The forest business manages renewable resources

The investment in the forestry sector is similar to investing in diversified agriculture in general: each investment project has its time of sowing, its time of cares and its time for harvesting. The difference lies in the period of maturation of the product, which can be very different, depending on the species of trees and the product to be harvested.

The extraordinary and advantageous climatic and soil conditions of the country has made possible the growth and development of both native and exotic trees, or introduced at a much faster pace than in other parts of the world, and gives Paraguay a significant competitive advantage at regional and global levels. Here the trees grow faster than in other countries, and they can produce in a cost-effective manner, both timber for industrialization and timber for fuel.

The fast-growing trees that can be planted to produce wood fuel are Ybyraryu, which is native or certain species of Eucalyptus, as well as the Bracatinga, Acacias, Leucaena and others, which could be harvest in two to four years.

Eucalyptus plantations between two and five years old could produce firstly timber for firewood and / or for the production of cellulose pulp, from the thinning of their plantations and then, from twelve to fourteen years old can be harnessed for industrialization as raw material for the production of tables and tie beams as well as wood flooring, furniture, sheets and wood plates.

There are other species of fast-growing trees that can produce precious woods such as Melia, the Toona, the Accacias or Grevilea with which you can produce in shifts of eleven to fifteen years wood similar to the valuable native species: Cedar, Guatambu, Yvyraro, Lapacho and others. The native species require twenty, thirty, forty and up to fifty years respectively for their maturation.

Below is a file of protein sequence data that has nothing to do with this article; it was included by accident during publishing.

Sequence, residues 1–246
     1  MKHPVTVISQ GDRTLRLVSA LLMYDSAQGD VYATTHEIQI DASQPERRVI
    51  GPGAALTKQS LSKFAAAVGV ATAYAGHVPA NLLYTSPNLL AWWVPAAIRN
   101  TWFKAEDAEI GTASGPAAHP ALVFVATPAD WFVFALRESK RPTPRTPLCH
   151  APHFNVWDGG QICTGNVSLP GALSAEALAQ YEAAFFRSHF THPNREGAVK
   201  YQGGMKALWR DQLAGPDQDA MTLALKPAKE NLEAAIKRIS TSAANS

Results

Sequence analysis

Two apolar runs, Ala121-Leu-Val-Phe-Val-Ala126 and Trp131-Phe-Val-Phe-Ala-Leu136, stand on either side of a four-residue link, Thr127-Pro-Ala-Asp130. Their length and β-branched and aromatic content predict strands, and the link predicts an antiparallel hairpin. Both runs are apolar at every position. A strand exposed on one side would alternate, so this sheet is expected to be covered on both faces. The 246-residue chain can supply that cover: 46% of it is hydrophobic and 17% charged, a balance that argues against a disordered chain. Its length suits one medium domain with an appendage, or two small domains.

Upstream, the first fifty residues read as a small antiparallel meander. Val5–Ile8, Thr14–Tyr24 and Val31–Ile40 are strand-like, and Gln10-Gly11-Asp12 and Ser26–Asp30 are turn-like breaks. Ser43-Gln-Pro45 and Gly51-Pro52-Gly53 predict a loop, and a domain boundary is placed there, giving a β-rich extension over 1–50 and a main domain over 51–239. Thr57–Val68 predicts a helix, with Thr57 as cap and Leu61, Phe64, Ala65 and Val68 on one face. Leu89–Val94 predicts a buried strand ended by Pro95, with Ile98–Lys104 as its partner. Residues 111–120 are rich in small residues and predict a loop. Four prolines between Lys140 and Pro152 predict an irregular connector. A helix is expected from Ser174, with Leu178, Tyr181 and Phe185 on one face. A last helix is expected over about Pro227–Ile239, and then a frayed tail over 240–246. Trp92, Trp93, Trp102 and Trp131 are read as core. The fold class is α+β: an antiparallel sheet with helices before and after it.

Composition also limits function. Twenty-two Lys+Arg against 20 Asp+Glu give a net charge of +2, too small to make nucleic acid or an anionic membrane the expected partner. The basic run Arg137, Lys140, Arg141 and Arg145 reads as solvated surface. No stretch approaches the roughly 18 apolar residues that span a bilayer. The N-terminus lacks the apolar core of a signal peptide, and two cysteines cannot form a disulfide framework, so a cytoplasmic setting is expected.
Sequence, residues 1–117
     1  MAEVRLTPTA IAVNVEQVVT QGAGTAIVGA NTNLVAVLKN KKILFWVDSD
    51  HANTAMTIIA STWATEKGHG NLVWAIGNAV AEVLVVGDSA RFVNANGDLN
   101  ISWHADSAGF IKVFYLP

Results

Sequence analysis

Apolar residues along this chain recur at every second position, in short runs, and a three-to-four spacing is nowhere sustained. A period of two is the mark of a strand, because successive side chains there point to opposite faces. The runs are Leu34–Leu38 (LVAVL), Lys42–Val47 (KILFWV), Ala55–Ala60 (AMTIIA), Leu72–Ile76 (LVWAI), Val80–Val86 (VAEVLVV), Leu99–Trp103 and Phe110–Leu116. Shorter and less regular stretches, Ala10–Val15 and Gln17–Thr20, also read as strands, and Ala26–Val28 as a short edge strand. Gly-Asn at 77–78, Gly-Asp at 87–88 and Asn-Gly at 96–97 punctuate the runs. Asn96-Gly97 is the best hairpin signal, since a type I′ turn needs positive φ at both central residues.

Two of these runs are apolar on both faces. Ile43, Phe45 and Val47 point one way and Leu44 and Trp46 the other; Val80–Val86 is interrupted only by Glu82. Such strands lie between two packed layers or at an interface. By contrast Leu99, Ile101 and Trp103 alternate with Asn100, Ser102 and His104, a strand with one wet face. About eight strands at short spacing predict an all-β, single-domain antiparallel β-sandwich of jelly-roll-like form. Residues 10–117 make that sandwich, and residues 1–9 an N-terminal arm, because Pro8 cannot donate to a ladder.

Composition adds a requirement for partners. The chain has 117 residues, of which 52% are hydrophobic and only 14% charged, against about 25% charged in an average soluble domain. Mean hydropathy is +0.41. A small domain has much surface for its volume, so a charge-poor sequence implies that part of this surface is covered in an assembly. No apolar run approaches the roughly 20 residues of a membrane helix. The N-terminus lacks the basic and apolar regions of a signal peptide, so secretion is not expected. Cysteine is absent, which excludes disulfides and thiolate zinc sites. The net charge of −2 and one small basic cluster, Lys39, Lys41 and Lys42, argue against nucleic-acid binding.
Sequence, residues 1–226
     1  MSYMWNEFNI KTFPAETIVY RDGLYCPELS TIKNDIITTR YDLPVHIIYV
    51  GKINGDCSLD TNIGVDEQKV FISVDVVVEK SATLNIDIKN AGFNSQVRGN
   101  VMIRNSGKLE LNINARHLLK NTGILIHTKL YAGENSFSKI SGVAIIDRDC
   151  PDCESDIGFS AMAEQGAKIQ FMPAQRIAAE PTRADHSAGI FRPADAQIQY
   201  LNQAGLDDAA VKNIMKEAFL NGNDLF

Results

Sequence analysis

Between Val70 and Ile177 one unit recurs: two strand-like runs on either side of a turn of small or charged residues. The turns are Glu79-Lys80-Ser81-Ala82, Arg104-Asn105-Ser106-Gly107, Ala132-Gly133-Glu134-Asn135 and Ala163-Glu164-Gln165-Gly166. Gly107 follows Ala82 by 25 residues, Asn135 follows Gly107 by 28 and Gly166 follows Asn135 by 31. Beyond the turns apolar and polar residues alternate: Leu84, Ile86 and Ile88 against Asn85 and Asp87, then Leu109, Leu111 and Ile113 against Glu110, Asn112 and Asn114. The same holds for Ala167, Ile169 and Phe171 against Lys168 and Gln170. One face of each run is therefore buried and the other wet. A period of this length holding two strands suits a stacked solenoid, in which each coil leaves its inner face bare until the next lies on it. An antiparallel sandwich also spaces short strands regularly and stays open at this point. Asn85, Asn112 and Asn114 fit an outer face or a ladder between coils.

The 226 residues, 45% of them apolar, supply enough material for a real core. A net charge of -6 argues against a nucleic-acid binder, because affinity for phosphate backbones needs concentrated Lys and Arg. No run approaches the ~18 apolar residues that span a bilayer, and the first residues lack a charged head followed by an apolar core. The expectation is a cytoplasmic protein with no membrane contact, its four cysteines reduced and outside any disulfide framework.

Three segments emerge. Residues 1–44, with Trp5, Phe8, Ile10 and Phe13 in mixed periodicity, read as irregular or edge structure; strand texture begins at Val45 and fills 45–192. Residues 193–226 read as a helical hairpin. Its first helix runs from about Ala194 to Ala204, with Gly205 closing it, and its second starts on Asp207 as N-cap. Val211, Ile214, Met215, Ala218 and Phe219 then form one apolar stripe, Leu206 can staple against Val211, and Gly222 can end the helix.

All these production periods, valid for Paraguay, are extremely short when compared with the time needed to produce timber in other countries.

In the Nordic countries, for example, the average maturity of conifers for paper pulp production is more than fifty years, and the period of maturation of precious woods such as oak can reach eighty, ninety and more years.

In general it can be said that the time needed to harvest forest plantations in our country would be approximately six times lower than in the Nordic countries.

In other words productivity would be 8 times higher. If even with these long periods the forest business is profitable, how better the profitability should be in our country and in the Southern Cone in general.

The current forest business, as it should be implemented in our country has to do with the sustainable management and use of existing native forests, and additionally with new forest plantations. Each one of the activities to take place (cleaning, plant production, site preparation, planting, pruning, thinning, harvesting, etc) takes workforce and generates benefits in the rural sector.

The forestry sector also involves the local and export trade, meets local needs for wood for their industrialization and enables the production of energy, firewood and charcoal, as well as food and medicinal herbs. Additionally employs large numbers of transport and other services.

The sustainable use of native forests and new forest plantations, besides from enabling the creation of jobs in rural areas as well as in industry and services enable further conservation and improvement of soil, and also retain clean air and water and beautify the landscape.

In summary: The forests have important economic and environmental benefits, demonstrable and measurable in each case

Original article "El negocio forestal aprovecha recursos renovables" published in the Economic Supplement of the Paraguayan newspaper "ABC Color"